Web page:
While the U.S. Department of Defense has prohibited the use of blast film on windows in most military buildings and facilities, the government has different security standards for federal buildings. The Public Buildings Service Leasing Desk Guide, which details the policies and procedures of federal buildings, states that all exterior windows must feature “shatter resistant material” that meets specific standards:
SHATTER-RESISTANT WINDOW PROTECTION
The Lessor shall provide and install shatter-resistant material not less than 0.18 millimeters thick on all exterior windows in Government-occupied space meeting the following properties – Film composite strength and elongation rate measured at a strain rate not exceeding 50% per minute shall not be less than the following:
– Yield Strength: 12,000 psi
– Elongation at yield: 3%
– Longitudinal Tensile strength: 22,000 psi
– Traverse Tensile strength: 25,000 psi
– Longitudinal Elongation at break: 90%
– Traverse Elongation at break: 75%
THE ALTERNATE METHOD is for the Lesser to provide a window system that conforms to a minimum glazing performance condition of “3b” for a high protection level and a low hazard level. Window systems shall be certified as prescribed by WINGARD PE 4.3 or later to GSA performance condition 3b (in accordance with the GSA Standard Test Method for Glazing Window Systems Subject to Dynamic Loadings or Very Low Hazard (in accordance with ASTM F 1642, Standard Test Method for Glazing or Glazing Systems Subject to Air Blast Loading) in response to air blast load of 4 psi/28 psi-msec.
GSA Leasing Desk Guide
Chapter 19: Security
Blast Film: Daylight vs. Anchored Installation
Regarding the federal guidelines on blast film, it’s important to understand the differences between the two common types of blast film installation: “daylight” and anchoring. Daylight installation is the simple process of applying blast film only to the window glass. It’s designed to hold the glass together and prevent it from shattering. The problem with daylight installation is that it doesn’t hold the window pane to the frame or wall. In the event of an explosion, the window pane is still likely to fly off the wall and become a high-energy projectile capable of causing severe harm or death.
Blast film is only effective if it’s anchored to the frame or wall. In most anchored installations, the blast film extends beyond the edge of the glass and overlaps with the frame. This not only helps keep the glass from shattering during a blast, but also helps prevent the entire window from detaching.
If you’re going to use blast window film to provide a level of protection against an explosion, anchoring it is the most effective installation method. But daylight installation is easier and less expensive, so it’s more common. And building managers who aren’t aware of the differences between the two may be more likely to choose daylight installation simply because it’s cheaper. This is why it’s important to emphasize the correct installation method whenever discussing blast film.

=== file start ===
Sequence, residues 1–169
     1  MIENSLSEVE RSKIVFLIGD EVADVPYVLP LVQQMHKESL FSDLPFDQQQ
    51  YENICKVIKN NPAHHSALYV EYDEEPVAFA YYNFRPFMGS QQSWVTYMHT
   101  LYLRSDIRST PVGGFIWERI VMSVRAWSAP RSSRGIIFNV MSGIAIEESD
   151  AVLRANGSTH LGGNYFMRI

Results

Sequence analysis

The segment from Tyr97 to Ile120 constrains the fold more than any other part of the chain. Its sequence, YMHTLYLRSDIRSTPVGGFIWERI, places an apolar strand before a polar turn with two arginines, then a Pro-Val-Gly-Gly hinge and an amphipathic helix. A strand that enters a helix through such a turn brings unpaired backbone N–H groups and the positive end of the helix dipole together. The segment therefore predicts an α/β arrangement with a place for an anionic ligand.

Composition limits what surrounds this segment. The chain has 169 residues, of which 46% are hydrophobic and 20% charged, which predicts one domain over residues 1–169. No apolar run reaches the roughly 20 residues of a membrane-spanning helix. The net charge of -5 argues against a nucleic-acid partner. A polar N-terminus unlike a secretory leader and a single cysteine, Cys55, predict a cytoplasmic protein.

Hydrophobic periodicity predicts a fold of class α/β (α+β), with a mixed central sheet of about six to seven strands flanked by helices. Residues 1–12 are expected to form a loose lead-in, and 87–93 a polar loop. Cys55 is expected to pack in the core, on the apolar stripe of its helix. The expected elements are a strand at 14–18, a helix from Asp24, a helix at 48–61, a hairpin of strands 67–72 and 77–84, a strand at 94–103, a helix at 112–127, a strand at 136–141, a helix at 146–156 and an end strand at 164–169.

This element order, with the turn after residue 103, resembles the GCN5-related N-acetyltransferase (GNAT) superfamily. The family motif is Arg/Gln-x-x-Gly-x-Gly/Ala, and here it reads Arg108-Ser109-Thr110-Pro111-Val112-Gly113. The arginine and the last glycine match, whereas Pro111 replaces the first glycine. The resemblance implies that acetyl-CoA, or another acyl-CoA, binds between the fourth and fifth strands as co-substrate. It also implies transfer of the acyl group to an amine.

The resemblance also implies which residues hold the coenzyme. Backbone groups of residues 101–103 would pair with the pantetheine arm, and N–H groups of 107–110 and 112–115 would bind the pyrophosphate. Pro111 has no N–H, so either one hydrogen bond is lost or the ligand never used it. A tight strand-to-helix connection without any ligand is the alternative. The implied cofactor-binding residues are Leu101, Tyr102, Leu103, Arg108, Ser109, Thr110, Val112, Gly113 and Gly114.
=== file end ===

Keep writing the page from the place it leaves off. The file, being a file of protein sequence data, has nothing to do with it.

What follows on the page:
The Short Lifespan of Blast Film
The federal guidelines also fail to address the short lifespan of blast film. Regardless of whether it was installed correctly or not, blast film deteriorates over time due to exposure to UV light. Typically, blast film must be reapplied every 15 years, depending on how quickly it has deteriorated. If it’s not, the film becomes useless and leaves building occupants as vulnerable to a blast attack as they would be had the windows never been treated in the first place.
This is precisely what’s happened to the hundreds of federal buildings that were treated with blast window film shortly after 9/11. At the time, blast film seemed like a quick and affordable way to increase a building’s physical security. As it turns out, maintaining blast film over the course of a building’s lifetime is quite expensive. To complicate matters, blast film isn’t time-stamped during the installation process, so keeping track of when it needs to be reapplied is difficult and rarely even done. This is one of the main reasons why the Department of Defense finally prohibited the use of blast film altogether in military buildings.
Blast Film Provides No Energy Savings
Another shortcoming of blast film is that it provides no energy benefits. Since windows play an important role in a building’s energy use, any kind of window upgrade – including security –should also make the building more energy efficient. Unfortunately, blast film doesn’t do anything to address solar heat gain, air infiltration, condensation and other factors that affect a building’s energy consumption.
Thermolite’s interior blast window retrofit, on the other hand, provides both bomb blast protection and significant energy savings. Building owners typically see a 20% utility reduction and a payback period that would work with most ESCO projects. Read more about the benefits of incorporating energy efficient bomb blast windows into ESCO projects.